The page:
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Hubble Space Telescope Sees a Gravitationally Lensed Quasar

Photo: NASA, ESA and J.A. Muñoz (University of Valencia)

You’re looking at a picture of a quasar that’s beeing sucked into a black
hole, taken by the Hubble Space telescope. ESA’s Hubble Space Telescope
page explains:

While black holes themselves are invisible, the forces they unleash
cause some of the brightest phenomena in the Universe. Quasars —
short for quasi-stellar objects — are glowing discs of matter
that orbit supermassive black holes, heating up and emitting extremely
bright radiation as they do so.

“A quasar accretion disc has a typical size of a few light-days,
or around 100 billion kilometres across, but they lie billions of light-years
away. This means their apparent size when viewed from Earth is so small
that we will probably never have a telescope powerful enough to see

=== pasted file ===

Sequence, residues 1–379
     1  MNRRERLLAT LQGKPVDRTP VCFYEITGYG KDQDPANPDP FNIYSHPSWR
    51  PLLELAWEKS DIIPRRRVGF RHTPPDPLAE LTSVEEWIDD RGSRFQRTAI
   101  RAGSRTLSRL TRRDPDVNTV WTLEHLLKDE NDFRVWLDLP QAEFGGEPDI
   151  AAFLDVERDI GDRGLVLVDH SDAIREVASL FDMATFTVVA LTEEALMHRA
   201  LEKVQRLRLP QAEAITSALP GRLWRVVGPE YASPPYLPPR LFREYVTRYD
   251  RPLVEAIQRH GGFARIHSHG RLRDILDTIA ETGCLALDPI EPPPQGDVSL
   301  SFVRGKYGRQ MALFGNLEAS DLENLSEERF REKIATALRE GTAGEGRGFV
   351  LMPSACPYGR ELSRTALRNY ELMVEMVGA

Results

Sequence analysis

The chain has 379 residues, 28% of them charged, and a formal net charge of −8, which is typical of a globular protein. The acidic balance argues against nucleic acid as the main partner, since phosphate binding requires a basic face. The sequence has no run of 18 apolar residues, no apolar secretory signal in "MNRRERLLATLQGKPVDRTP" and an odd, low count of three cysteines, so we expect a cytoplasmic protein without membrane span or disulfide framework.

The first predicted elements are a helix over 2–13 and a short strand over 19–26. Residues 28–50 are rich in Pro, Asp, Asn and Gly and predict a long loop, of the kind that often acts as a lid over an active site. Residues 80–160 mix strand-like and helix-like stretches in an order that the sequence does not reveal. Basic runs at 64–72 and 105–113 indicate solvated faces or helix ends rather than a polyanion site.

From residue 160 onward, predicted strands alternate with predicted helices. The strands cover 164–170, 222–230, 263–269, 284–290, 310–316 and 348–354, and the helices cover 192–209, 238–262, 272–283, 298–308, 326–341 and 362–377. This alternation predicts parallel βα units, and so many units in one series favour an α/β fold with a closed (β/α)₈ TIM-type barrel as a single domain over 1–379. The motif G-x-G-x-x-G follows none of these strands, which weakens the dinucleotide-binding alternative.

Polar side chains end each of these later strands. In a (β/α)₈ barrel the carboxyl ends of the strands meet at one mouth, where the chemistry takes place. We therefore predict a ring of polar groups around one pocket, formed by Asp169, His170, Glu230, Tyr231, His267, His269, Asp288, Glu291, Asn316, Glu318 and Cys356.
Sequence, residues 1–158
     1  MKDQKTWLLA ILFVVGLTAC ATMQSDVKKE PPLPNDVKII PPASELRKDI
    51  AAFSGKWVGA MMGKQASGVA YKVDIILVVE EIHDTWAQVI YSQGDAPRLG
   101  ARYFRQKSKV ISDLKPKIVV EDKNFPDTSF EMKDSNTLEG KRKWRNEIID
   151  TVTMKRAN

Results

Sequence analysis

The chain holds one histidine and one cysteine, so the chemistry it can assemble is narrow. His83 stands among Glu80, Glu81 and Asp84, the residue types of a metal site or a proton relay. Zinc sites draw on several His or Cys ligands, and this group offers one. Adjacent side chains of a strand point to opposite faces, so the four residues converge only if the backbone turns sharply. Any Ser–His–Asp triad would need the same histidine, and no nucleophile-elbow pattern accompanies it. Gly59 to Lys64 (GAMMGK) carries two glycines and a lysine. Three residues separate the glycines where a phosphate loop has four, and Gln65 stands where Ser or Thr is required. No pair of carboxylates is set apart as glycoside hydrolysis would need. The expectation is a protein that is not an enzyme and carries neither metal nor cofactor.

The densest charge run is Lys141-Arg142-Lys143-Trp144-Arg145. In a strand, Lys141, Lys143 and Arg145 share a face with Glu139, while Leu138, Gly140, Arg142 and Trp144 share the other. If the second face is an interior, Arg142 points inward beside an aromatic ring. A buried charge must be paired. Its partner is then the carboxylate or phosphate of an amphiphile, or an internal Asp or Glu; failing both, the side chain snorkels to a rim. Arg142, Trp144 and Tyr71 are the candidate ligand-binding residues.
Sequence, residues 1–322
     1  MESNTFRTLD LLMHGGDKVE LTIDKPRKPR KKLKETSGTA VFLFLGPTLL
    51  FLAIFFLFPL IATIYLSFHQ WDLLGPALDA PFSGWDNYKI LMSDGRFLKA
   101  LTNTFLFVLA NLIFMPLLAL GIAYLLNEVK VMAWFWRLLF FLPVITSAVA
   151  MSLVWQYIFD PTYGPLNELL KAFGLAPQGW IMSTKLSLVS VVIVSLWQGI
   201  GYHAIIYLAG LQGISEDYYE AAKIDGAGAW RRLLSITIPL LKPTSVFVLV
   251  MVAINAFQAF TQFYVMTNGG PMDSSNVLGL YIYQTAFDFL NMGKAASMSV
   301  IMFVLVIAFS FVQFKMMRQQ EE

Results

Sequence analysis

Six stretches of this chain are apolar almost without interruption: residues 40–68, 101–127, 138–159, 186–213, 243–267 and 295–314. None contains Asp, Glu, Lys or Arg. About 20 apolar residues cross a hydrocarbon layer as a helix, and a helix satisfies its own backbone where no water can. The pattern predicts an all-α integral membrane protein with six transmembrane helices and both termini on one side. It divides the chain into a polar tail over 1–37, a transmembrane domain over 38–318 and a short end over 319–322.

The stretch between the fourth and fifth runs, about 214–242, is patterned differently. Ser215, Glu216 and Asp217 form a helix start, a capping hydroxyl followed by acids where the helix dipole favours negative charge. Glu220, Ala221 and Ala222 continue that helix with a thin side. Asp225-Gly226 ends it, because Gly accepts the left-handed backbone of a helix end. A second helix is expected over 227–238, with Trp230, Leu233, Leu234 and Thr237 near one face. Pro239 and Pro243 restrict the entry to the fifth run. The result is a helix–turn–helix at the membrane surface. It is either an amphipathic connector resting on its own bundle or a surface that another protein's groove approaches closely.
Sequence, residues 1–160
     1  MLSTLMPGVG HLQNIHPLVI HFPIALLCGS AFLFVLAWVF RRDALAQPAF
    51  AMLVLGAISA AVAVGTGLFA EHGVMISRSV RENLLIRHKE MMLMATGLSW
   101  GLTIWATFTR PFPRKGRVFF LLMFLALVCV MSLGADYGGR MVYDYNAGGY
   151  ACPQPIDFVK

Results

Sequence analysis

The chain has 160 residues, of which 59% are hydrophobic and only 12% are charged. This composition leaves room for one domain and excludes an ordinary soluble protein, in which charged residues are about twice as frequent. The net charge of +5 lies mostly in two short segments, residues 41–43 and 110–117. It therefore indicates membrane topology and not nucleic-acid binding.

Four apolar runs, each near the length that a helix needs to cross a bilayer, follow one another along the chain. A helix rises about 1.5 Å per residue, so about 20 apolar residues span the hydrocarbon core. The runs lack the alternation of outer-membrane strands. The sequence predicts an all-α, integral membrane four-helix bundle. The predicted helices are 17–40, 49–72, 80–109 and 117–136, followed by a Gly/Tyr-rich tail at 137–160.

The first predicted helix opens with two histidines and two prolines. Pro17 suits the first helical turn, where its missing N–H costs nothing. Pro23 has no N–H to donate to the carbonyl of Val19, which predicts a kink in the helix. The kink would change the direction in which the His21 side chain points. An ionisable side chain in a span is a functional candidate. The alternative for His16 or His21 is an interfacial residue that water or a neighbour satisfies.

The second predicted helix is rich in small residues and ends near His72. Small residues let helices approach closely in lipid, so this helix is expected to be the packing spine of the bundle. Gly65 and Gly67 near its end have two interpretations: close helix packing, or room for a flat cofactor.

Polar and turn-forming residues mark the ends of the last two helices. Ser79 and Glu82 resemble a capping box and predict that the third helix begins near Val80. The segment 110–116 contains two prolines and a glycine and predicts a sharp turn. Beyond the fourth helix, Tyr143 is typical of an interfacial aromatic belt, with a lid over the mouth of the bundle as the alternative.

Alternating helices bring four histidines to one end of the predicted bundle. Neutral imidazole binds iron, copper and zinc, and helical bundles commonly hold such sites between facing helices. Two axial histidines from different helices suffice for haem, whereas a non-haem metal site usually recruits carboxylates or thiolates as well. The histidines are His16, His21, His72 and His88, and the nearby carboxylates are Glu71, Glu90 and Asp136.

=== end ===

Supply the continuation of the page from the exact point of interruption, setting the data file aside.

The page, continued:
their structure directly,” explains Jose Muñoz, the lead
scientist in this study.

Until now, the minute apparent size of quasars has meant that most
of our knowledge of their inner structure has been based on theoretical
extrapolations, rather than direct observations.

The team therefore used an innovative method to study the quasar:
using the stars in an intervening galaxy as a scanning microscope to
probe features in the quasar’s disc that would otherwise be far
too small to see. As these stars move across the light from the quasar,
gravitational effects amplify the light from different parts of the
quasar, giving detailed colour information for a line that crosses through
the accretion disc.

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November 6th, 2011

Stranger to the World


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